Starting kindy can be an anxious time for both children and parents, but there are plenty of things that you can do to ease the transition and set your child up for a happy time.
Remember, parents are powerful influencers. You are a source of inspiration and a source of great comfort and by taking some proactive steps to help your child prepare for the start of the kindergarten year, you can help them to get the most out of this rite of passage.
Going to kindy should be a happy time for a child. It’s a time of exploration and discovery, growth and learning and there is much that a parent can do to set them up emotionally as well as physically for a positive experience.
Here are some practical ways to help your child prepare for the start of the kindy year:
Focus on developing gross and fine motor skills. Do fun, simple things at home like bouncing and catching balls, climbing trees, jumping over obstacles, laying the table for a meal, building with small blocks, making pictures with dry pasta and doing arty, crafty activities with tactile materials.
Encourage their independence. Give them responsibility for simple daily tasks and let your child dress himself or herself even if the end result isn’t colour co-ordinated or fashionable!
Provide a range of materials for drawing, ‘writing’, creating artworks and building things.
Read, read and read. Reading and fostering a love of books is probably the most important activity you can do with your child to get them school-ready and it will help set them up for a lifelong love of learning. Visit your local library and start conversations with your child about their book choices.
Encourage their curiosity and genuinely listen to what they’re saying.
Practise problem-solving skills. Help your child manage their emotions by positive reinforcement and encouragement and help them understand that there are consequences to their behaviour - both good and bad.
Develop their numeracy skills by playing counting games and maths concepts in your day-to-day household activities. Simple classification games (size, shape, colour and quantity) are also good.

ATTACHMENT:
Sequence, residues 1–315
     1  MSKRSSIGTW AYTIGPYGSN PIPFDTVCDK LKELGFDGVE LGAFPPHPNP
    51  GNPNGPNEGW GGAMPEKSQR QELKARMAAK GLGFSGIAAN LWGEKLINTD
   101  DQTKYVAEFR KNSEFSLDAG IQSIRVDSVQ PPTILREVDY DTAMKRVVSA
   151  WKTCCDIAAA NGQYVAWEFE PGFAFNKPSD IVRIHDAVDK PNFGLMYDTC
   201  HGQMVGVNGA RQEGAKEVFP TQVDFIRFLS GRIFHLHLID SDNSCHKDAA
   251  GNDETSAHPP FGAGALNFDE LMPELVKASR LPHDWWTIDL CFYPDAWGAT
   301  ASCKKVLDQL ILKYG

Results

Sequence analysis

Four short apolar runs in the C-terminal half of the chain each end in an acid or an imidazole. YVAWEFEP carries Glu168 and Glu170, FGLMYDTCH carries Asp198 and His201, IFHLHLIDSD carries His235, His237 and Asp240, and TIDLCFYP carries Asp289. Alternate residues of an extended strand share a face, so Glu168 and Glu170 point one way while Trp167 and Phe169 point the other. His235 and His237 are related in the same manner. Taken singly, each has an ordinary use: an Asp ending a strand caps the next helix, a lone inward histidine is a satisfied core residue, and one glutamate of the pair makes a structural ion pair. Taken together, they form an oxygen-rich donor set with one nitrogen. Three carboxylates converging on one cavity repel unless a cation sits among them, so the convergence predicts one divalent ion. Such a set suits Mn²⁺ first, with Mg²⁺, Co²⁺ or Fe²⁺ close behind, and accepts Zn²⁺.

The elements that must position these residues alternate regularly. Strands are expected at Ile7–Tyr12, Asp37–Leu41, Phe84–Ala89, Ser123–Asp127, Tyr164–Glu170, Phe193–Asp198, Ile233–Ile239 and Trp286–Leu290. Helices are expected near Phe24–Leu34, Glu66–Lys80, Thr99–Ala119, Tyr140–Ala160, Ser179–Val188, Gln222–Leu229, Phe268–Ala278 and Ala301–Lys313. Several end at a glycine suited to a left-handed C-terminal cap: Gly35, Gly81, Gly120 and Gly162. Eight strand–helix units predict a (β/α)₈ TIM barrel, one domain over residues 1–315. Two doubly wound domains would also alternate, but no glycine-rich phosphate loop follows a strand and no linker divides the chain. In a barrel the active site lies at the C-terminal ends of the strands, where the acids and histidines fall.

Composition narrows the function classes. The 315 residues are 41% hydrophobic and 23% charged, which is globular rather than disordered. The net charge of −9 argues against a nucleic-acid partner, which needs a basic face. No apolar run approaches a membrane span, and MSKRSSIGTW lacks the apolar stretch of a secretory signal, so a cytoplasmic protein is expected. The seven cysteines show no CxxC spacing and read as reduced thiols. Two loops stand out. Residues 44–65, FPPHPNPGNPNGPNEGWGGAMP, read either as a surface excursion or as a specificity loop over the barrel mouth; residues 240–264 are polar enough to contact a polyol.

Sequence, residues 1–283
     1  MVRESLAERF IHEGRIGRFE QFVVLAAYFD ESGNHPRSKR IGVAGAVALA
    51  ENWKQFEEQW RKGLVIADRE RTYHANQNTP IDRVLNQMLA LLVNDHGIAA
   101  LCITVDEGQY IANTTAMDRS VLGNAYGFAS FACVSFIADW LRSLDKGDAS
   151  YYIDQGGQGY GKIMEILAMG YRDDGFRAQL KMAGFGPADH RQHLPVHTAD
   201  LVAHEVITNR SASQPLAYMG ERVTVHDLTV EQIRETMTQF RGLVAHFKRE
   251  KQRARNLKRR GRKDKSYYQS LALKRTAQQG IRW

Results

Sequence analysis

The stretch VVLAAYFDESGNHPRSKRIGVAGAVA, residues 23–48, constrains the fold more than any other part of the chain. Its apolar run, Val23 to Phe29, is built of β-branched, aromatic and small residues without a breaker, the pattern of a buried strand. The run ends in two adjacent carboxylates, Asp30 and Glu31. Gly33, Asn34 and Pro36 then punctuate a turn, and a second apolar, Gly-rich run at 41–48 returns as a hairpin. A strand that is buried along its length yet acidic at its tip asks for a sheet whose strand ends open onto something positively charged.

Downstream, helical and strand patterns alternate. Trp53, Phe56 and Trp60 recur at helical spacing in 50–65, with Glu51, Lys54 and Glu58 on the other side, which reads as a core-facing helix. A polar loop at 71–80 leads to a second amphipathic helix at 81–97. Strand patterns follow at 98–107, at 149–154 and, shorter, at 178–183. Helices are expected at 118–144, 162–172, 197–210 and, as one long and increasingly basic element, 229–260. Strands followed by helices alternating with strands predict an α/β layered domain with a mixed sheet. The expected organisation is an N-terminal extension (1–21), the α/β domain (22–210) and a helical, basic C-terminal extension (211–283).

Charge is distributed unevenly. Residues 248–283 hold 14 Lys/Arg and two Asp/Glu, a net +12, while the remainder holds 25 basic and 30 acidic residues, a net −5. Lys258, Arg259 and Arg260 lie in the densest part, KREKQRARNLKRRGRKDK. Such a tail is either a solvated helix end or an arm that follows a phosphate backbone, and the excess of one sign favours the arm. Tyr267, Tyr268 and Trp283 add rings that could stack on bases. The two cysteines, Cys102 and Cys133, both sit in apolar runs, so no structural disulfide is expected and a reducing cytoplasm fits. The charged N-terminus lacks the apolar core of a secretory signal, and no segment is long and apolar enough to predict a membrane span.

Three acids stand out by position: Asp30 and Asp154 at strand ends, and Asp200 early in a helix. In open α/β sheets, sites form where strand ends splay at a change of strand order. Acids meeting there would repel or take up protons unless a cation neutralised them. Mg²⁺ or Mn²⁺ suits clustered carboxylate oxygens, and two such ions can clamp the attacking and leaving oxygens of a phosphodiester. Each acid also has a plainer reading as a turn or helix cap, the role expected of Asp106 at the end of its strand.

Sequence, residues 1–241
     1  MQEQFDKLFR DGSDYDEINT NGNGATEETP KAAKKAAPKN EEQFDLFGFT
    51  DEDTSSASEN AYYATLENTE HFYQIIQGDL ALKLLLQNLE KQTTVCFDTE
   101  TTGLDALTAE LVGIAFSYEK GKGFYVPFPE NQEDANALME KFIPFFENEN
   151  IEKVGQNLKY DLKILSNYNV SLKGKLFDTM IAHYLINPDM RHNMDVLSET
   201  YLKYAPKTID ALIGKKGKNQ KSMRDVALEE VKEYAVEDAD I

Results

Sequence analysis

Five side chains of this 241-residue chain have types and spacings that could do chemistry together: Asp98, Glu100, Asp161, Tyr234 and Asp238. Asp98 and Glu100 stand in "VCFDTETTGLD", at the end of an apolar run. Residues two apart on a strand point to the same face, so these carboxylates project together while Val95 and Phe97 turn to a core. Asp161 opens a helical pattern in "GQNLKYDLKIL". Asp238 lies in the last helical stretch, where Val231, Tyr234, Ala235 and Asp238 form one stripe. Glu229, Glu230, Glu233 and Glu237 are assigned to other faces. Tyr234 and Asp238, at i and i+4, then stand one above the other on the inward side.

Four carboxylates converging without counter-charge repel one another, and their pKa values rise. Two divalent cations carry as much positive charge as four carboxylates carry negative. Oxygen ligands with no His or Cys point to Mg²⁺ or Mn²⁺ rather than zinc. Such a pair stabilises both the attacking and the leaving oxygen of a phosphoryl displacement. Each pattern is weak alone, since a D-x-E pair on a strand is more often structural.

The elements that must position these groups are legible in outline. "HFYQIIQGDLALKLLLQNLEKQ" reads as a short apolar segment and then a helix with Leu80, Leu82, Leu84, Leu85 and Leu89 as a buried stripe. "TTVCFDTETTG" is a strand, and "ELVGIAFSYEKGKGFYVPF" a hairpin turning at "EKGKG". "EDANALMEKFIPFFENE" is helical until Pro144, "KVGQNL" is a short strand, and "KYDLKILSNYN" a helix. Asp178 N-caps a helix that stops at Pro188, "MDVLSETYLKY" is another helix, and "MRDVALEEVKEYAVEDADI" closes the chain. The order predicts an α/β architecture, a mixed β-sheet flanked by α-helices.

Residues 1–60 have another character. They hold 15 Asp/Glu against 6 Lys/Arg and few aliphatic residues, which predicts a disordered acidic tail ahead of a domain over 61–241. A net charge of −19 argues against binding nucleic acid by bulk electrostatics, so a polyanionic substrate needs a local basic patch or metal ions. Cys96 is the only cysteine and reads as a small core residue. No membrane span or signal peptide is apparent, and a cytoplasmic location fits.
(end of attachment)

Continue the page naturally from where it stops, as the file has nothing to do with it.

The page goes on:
Establish clear expectations at home and help them to follow instructions. ‘Please could you pick up your toy and put it in the cupboard’.
There’s no substitute for good manners and constantly reinforcing the need to say ‘please’ and ‘thank you’ will set them up for the kindy environment and for later life.
Never miss an opportunity to help them with the concept of sharing and taking turns. The kindy classroom can be a baptism of fire for children who have had limited social interactions with other small children because they’re less likely to be able to handle frustration and be considerate of others. Starting daycare at an early age can be a significant advantage.
Other things that parents can do are:
- Establish a routine well before the school year starts that sets the scene for the transition to kindy.
- Familiarise yourself with the school’s routine so that there are no unexpected surprises that may unsettle your child.
- Organise a get-together with any other child or children in your neighbourhood who will be attending the same kindy before the start of the school year. Seeing some familiar faces will help them integrate more easily.
- Be aware of your own emotions and don’t let on to your child that you are anything but excited about the new school year. They’re surprisingly intuitive and will pick up on any negative feelings or anxieties.
Kindergarten should be an exciting time for both child and parent and it’s certainly true that the more effort you put into preparing your child for this milestone, the more likely that everyone will settle quickly and get the most out of it.
If your child has already been at an early learning centre, they’ll have a head start when kindy kicks off because they’ll be familiar with the surroundings, the set-up and the daily routine. Many parents choose to put their toddler - and often their babies - into daycare not because their circumstances require it, but because there are clear benefits to starting early.
Nido Early School is one of the most sought-after providers of premium childcare and kindergarten programmes across Australia and our network of centres have a reputation for caring excellence. We firmly believe in the view that ‘it takes a village to raise a child’ and that parents play just as important a role in a child’s education as a school does.
To see our philosophy in action or to discuss options for childcare, get in touch with Nido Early School through our website, www.nidoearlyschool.com.au.